But what was the significance of the river to the region before the arrival of white settlers in 1836, specifically to the Aboriginal inhabitants who had lived in the region for more than 40,000 years before European settlement? The Barwon River was just as important to these original inhabitants as it was to the whites. In fact, the word "Barwon" comes from the local Wathaurong phrase "Barra Warre N Yallok" which, somewhat grandly, means "the great river which flows from the uplands (aka the Otways) to the sea".
Known collectively as the Wada Warrung or Wathaurong, meaning "People of the Water", twenty five separate clans occupied land which extended across the Bellarine Peninsula and as far east as the Werribee River to areas north of Ballarat. In the west, their territories included the Otways and the headwaters of the Barwon. The Wathaurong people were one of five tribes which formed what was known as the Kulin Federation. It is probable that those who lived closest to what is now Geelong were the Wada Warrung balug Clan which was located near the Barrabool Hills. It was estimated that they numbered around 300 people in 1837, but with the arrival of white settlers in the district and with them sheep and cattle, food supplies were significantly reduced as their hard hooves killed off many native plants. This, along with an influenza outbreak in 1839 decimated the indigenous population around Geelong, leaving only 17 clan members by 1853. The last tribal member of the clan - known as King Billy or Waurn Bunyip (Baa Nip) - died in 1885.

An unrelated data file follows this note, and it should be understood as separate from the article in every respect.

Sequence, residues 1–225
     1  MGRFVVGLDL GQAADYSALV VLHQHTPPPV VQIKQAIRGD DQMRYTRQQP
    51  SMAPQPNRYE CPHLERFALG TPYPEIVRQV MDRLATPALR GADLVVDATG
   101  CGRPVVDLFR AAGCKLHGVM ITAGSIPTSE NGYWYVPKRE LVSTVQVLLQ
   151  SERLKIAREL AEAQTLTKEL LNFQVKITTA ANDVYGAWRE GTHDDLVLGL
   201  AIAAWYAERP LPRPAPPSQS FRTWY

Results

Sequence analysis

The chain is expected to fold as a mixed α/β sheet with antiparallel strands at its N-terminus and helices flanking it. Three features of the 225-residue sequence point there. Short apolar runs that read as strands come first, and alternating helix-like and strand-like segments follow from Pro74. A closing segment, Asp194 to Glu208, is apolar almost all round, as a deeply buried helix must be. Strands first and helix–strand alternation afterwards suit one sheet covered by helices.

|William Buckley meets John Batman's party, 1835|
Prior to this, the Barwon Valley provided many important food sources for the local indiginous population who moved along the river following seasonal routes. Almost all parts of the river were utilised.
|Water Ribbon near Breakwater|
|Bulrushes on Belmont Common|
|Kangaroo Apple fruit near|
|Bindweed at Fyansford|
Plants were also used for medicinal purposes, to treat a range of ailments. Old Man Weed was used to treat hair loss and skin irritations whilst the leaves of the Hop Goodenia plant were given to infants to suck to pacify them, especially during travel.
|Wathaurong man in bark canoe on the Barwon at Geelong|
The remains of a tree (now dead) which had part of the bark removed to make a canoe can be seen at Queen's Park.
|Remains of a heritage-listed|
Canoe Tree at Queen's Park